• I can attach files to a message to myself and use it as web storage. Max file size per message is 10 MB.
  • I can use the Google Search engine to fine the email messages I need.
  • It automatically add any email address I send to or recieve from into the contacts list.
  • It clusters messages into conversations.
  • It supports labels instead of folders. Messages can essentially be in more than one folder/label at a time.
  • It has a star flagging tool for flagging messages that require my attending. I can quickly list all messages starred.
  • It has great spam controls.
  • Gmail is also integrated with Google Talk an easy to use Instant Messaging tool that stores your transcripts into your Gmail box.
  • It has a great spell checker and rich formatting tool that appears just like Word.
  • It is fast and reliable. It saves to draft automatically so you don’t lose your message with a network disruption.
  • It is just way too easy to use and it is free.

I highly recommend this as a replacement email system to teachers and students. To get signed up you need to have a current gmail user invite but that is not difficult, just look for a message in your inbox from a email address and ask them to invite you.

Saturday, November 11, 2006

Teaching Teaching & Understanding Understanding

Here is a very interest short film about teaching and understanding. It is in the context of Universitys but can be applied to most other learning contexts. This film is being shared freely on the Internet and can be accessed at

I think the message in the presentation is great and well presented. We talk a lot about these ideas with instructors but this film really illustrates what we need to do to help students learn more effectively. Please post your comments on how you found the film.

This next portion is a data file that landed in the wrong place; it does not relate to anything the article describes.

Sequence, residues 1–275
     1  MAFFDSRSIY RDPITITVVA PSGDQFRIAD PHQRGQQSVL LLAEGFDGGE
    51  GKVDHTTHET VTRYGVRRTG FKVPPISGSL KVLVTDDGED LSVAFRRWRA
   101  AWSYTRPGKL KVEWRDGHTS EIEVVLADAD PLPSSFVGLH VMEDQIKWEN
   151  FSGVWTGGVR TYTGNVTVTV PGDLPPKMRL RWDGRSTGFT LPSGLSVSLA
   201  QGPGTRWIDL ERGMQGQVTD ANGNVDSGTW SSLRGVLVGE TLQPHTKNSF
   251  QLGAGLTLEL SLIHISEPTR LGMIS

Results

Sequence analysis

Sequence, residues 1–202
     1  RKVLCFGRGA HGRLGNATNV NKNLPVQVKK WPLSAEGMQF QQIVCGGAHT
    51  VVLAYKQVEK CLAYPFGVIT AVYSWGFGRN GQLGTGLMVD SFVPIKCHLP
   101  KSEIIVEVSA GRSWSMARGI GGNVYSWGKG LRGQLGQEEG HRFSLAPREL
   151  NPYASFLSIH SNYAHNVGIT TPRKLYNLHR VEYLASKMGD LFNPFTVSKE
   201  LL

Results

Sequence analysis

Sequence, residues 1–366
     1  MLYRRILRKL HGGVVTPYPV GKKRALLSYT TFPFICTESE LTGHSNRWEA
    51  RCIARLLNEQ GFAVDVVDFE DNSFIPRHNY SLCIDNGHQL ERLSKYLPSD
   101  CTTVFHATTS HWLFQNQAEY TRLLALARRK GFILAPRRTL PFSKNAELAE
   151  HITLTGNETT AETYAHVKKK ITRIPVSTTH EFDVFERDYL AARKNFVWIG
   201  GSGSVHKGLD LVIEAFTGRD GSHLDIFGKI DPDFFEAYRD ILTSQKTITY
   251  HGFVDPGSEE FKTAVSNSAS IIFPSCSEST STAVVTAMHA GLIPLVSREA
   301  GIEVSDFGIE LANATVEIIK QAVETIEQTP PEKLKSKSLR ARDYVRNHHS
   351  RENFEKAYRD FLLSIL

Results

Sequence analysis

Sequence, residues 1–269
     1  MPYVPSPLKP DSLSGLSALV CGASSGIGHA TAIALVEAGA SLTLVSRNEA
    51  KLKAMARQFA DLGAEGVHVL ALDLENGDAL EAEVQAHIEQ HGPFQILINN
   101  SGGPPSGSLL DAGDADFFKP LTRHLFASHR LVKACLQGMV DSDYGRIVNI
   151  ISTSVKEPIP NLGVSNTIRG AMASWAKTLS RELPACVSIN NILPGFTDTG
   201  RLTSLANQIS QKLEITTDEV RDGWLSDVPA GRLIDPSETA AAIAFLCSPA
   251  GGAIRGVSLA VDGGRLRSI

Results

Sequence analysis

Tuesday, November 07, 2006


Audacity is a very good sound recording and editing application that is open source and free. It is available for Macs, Windows, Linux and other OS from Audacity is easy to use to record presentations, interviews, sounds or music. You can see a visual representation of the sampling and edit the sound kind of like a word processor, you can select a segment, delete, copy or move it. You can also record or mix several tracks and save to MP3 format for podcasting.

I have used Audacity for recording guest speakers, myself and presentations over the Internet that I was not able to attend. There are many advanced features but they are optional. The one I have found very handy is the Noise Removal effect that can clean up the buzz.

Both teachers and students will find this tool handy.

If you are interested in acquiring music for presentations, you may want to check out Finale Notepad. With this free program you can select and download from thousands of legal music pieces and record them to Audacity and put them into presentations, legally.

Saturday, November 04, 2006

In looking for a useful free and hosted wiki tool, I have come across It have a very easy interface and claims to have the functions of a wiki, blog and online discussion forum. You can access it at

Features that I like are:

  • Many templates to choose from
  • Comments and discussions are right on the page
  • Very easy to work with
  • You can attach files to pages
  • You can add RSS Feeds directly in the pages

There are many of these out there but I am looking for the best one. If you know of others that work for you, please comments and share it.
Like all wikis, you use this for many collaboration activities. What activities do you use Wikis for?

Wednesday, November 01, 2006

Google Docs & Spreadsheets